I was living in a small cabin in a rural part of Bucks County when what they call “first reports” came in. Like everyone, I have flashes of images and tones as the morning took instant focus.
I clearly remember half-sitting on a stool behind my easel with a cup of coffee, looking at a painting in progress with NPR on the radio. There is no memory of which work that was, but it had to be compelling to keep me inside on what was described by one writer as “an achingly beautiful day.” Then the report.
I walked over to the television and turned it on. Charles Gibson and Diane Sawyer were trying to sort out what was happening.
There was aerial footage of the first tower with a hole punched in the top and smoke pouring out. I watched the second plane enter the screen and hit the other building. Smarter people than me knew at that moment that things had changed forever.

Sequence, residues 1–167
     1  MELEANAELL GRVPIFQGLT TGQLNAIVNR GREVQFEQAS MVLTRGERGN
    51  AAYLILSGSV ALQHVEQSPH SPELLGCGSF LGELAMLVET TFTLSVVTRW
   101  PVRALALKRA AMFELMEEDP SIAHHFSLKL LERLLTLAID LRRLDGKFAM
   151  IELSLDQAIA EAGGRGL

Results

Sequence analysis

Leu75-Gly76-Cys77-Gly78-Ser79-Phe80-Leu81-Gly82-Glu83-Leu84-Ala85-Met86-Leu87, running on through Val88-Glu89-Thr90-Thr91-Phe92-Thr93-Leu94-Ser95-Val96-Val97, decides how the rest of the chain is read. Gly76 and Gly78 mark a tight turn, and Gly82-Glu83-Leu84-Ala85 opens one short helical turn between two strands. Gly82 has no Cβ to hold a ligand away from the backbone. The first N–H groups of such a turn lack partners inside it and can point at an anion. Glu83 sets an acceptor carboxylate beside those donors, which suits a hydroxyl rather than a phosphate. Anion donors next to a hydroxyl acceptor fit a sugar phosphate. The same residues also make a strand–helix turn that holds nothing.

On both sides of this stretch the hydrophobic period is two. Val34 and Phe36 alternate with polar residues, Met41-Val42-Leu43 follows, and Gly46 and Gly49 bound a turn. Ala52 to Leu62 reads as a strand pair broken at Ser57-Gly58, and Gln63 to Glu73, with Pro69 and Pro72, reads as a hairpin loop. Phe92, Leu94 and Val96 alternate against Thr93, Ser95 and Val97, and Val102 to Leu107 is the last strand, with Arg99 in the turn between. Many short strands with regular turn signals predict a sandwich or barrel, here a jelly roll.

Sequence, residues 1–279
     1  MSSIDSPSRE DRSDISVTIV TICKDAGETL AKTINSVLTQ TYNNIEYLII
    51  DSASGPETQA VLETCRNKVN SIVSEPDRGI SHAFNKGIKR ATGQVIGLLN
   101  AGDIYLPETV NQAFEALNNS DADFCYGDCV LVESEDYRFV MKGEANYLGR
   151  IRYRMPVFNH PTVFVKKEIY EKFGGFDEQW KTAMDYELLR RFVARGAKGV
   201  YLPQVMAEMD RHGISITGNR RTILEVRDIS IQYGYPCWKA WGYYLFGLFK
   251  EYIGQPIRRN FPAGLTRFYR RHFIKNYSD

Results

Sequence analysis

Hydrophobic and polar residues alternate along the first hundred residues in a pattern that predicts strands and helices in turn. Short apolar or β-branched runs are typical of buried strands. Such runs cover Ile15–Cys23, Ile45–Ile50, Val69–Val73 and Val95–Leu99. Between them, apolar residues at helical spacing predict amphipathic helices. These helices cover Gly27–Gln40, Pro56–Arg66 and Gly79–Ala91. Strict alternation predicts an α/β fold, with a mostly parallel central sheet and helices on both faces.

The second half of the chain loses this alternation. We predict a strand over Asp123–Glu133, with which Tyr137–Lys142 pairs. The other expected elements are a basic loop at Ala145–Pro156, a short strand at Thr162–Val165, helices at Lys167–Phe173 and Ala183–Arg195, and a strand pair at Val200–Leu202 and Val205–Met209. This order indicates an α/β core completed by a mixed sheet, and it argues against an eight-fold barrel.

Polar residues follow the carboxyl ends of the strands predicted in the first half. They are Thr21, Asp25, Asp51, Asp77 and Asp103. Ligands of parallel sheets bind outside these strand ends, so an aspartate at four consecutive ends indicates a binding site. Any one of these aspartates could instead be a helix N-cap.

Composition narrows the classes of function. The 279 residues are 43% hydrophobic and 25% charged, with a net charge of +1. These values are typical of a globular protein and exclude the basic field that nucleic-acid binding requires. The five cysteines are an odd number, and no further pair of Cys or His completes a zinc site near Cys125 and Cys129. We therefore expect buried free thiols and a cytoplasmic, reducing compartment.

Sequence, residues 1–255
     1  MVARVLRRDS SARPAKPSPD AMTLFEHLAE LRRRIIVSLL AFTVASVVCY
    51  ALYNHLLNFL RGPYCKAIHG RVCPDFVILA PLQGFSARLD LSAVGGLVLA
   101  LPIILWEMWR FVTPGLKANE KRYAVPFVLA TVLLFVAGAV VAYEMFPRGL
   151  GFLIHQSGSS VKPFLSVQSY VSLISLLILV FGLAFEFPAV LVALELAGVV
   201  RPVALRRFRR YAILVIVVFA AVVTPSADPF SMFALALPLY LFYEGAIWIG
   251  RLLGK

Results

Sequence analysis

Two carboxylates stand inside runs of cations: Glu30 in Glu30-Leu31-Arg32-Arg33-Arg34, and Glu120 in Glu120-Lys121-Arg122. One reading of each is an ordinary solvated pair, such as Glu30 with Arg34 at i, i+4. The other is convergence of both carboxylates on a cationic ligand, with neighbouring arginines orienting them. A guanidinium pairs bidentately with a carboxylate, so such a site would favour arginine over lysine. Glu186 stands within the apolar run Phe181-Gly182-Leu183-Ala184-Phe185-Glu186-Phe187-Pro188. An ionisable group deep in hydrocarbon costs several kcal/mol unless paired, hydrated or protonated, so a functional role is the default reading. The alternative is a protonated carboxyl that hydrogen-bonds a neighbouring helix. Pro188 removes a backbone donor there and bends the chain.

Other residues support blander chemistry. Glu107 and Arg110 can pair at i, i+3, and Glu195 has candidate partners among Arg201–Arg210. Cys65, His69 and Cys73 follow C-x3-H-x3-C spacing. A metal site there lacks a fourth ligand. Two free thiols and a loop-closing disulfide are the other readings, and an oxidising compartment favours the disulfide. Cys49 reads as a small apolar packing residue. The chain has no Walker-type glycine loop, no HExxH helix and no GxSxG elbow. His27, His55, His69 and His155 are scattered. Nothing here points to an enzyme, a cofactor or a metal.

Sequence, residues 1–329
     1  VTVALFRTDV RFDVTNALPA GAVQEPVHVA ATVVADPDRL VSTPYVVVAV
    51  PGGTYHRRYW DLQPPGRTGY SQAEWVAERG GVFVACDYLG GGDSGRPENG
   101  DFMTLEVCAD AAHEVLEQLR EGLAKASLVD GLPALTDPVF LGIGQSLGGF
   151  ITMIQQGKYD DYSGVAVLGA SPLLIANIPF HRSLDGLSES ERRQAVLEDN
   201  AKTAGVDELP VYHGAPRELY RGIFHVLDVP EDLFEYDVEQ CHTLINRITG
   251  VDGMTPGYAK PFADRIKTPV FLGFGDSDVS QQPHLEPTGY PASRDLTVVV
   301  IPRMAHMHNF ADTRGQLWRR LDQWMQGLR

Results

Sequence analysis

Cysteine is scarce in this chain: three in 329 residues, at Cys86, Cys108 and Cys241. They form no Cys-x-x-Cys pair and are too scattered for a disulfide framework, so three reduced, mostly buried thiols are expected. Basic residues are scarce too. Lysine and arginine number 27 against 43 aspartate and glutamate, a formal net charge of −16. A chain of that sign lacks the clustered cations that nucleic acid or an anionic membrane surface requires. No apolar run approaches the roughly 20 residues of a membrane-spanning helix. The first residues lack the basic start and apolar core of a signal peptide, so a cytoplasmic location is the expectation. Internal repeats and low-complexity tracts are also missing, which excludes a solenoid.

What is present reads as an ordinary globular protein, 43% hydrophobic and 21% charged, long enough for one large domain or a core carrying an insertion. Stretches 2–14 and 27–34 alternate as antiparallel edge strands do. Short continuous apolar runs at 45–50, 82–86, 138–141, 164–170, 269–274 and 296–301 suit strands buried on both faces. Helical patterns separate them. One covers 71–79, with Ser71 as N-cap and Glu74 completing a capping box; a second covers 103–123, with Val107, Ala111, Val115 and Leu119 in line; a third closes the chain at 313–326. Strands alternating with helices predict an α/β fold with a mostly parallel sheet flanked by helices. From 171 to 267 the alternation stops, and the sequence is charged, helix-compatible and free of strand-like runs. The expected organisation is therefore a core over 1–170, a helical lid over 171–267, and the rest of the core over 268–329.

I was absorbing, not forecasting. It was all I could do.
I can see parallels to my parents and their parents listening to the radio as first reports came in from Pearl Harbor. They had to imagine their images.
I wouldn’t be able to recall specifics from another day in 2001 without some kind of prompting.
I did this painting more than a decade later, from memory. It’s small, maybe 6 inches square. I was chasing the feeling of an indelible visual moment. Not the detail — the recognition and response. It’s a distilled image, simply constructed, using very few brushstrokes.
I had to do it multiple times to shed the noise. For me, it’s a portrait, a marker, an image and a tone, for another day that lives in infamy.
Robert Beck lives in Solebury.